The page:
Stonekind "Spirit of the Void" Album Cover

Spirit of the Void Album Review

Tracks: 9
Length: 43:28

Track One: Ashes, Pt. 1

Soft and intricate, “Ashes, Pt. 1” immediately stands apart from the rest album. But pay close attention—some of the themes you’ll hear in this opening track will resurface later on. 

Track Two: Ashes, Pt. 2

Next to the album opener, “Ashes, Pt. 2” is a quick and lively Heavy Blues track. One of the shortest tracks on the album at 2:27, “Ashes, Pt. 2” is over almost as quickly as it begins—but those soaring guitar solos may be enough to have you hit the Back button for a second listen. 

Track Three: Spirit of the Void

Like much of the album, the title track contains a certain theatrical thread that calls to mind many of the Progressive bands that have come before. Dark and brooding, “Spirit of the Void” is an emotional rollercoaster rocketed forward by Templeton’s aching guitars. 

Track Four: Nowhere’s Home

Ayers isn’t the world’s best singer, but Stonekind smartly layers his vocals through Spirit of the Void to heighten its impact. “Nowhere’s Home” showcases Ayer’s voice at its very best, using his vocal chords as the primary instrument throughout the album’s shortest track.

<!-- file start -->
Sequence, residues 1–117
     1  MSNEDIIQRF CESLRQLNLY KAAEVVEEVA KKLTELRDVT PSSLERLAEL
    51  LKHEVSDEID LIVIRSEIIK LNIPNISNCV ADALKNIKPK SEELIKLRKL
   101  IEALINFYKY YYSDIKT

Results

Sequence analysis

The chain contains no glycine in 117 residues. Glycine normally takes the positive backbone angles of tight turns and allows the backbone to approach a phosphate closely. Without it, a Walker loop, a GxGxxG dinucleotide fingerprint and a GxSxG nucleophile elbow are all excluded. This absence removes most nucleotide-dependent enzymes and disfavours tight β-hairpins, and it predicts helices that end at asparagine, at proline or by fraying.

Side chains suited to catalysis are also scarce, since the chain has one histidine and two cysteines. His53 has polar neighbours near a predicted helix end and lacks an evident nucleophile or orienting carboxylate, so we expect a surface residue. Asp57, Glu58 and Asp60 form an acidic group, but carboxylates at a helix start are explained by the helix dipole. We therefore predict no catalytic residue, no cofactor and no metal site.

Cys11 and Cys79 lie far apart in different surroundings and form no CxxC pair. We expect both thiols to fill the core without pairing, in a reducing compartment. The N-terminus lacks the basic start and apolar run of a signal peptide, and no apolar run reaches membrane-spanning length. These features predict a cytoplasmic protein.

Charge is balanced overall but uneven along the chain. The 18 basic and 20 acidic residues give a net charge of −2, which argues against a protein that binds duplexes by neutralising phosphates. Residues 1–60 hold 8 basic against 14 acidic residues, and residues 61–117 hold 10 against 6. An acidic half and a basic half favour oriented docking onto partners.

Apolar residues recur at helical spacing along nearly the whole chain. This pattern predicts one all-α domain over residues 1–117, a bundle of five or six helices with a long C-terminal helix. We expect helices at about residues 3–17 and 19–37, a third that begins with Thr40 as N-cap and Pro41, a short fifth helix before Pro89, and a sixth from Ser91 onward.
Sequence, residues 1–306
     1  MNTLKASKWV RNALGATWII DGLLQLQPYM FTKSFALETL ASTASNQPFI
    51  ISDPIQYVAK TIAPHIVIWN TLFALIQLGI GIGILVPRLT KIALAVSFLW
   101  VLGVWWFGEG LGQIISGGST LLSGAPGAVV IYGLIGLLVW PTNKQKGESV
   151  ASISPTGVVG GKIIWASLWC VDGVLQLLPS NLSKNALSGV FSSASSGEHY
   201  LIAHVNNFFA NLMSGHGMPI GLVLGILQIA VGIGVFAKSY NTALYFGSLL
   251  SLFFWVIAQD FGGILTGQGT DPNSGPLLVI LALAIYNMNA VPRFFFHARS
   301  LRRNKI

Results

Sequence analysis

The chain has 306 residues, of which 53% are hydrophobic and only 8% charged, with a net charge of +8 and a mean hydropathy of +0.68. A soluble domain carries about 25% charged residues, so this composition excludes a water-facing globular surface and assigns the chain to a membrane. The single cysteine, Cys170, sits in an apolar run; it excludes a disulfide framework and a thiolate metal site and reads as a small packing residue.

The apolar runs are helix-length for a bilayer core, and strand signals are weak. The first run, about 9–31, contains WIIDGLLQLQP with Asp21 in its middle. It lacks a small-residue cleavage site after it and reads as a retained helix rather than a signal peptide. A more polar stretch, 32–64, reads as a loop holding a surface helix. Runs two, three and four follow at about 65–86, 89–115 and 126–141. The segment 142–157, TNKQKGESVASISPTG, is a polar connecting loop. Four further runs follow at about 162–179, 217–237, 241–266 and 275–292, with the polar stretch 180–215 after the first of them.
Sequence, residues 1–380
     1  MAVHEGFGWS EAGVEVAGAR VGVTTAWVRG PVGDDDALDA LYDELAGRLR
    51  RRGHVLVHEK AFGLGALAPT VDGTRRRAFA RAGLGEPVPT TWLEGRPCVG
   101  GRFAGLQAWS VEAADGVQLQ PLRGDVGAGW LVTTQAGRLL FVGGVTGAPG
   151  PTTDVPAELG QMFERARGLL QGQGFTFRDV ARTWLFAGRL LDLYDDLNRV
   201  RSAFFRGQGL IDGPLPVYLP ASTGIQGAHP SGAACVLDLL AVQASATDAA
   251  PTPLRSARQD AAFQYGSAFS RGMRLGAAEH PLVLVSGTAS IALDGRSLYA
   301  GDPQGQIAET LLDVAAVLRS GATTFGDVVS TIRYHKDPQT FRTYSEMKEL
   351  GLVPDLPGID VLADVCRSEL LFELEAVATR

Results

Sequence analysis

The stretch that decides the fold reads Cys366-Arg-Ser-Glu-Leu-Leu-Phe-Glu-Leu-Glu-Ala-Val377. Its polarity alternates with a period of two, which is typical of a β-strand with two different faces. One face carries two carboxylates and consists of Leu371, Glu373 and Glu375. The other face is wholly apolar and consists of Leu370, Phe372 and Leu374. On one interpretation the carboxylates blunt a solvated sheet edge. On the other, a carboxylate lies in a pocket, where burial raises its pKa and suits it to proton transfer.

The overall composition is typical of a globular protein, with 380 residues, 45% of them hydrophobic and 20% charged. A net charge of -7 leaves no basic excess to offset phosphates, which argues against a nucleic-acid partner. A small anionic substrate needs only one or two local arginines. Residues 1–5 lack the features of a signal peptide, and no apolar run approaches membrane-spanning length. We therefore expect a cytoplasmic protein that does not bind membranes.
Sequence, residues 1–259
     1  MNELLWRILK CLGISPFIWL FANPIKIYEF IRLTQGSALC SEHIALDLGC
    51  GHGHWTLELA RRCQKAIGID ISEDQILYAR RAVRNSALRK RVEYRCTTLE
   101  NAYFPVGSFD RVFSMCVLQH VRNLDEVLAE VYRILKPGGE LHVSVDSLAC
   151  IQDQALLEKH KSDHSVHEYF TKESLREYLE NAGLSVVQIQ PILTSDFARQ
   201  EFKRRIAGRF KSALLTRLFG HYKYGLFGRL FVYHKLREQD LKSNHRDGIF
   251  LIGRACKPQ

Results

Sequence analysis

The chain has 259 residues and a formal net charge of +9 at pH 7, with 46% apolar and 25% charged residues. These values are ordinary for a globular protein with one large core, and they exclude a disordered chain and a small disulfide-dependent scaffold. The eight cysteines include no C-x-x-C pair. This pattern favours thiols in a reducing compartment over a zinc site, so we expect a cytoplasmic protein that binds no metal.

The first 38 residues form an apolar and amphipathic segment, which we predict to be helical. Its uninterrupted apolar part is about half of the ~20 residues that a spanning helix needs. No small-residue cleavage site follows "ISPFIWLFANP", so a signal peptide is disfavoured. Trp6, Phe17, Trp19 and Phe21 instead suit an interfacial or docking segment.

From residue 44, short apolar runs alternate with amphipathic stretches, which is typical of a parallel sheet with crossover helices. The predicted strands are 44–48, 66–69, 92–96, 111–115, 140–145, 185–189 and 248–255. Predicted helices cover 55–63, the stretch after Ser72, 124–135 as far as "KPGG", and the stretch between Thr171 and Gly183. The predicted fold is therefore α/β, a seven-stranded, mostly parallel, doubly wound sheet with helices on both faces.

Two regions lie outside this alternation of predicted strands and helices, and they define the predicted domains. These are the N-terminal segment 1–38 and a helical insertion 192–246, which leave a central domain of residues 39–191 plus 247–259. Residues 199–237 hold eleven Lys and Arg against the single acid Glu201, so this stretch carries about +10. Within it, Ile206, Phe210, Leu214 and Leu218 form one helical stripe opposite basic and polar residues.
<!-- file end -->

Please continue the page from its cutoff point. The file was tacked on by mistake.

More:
Track Five: Untethered

At the album’s midpoint is possibly the best song on the entire album: “Untethered.” Featuring tons of layering, beautiful movements, and melodic lyrics, “Untethered” is an emotional experience marked by one lyric you’ll likely sing later in the day: “Break these chains!”

Track Six: Swamp Stomp

After the incredible high points of “Untethered,” “Swamp Stomp” begins closer to the Earth’s surface with light drums and a rumbling bass—until the guitar and vocals enter the fray. Like “Untethered,” “Swamp Stomp” is bolstered by impressive musicianship, especially Templeton’s furious performance on the six-string. Interestingly, “Swamp Stomp” features an ethereal conclusion with remarkable vocal harmonies. 

Track Seven: Dust

Primarily acoustic and performed with a dash of Space Rock in the mix, “Dust” offers a few nods back to the theme from “Ashes, Pt. 1,” a nice reference that helps to reset the clock and prepare us for the album’s conclusion. The final few notes bleeding into “Behold the Stone” may also remind listeners of classic Pink Floyd.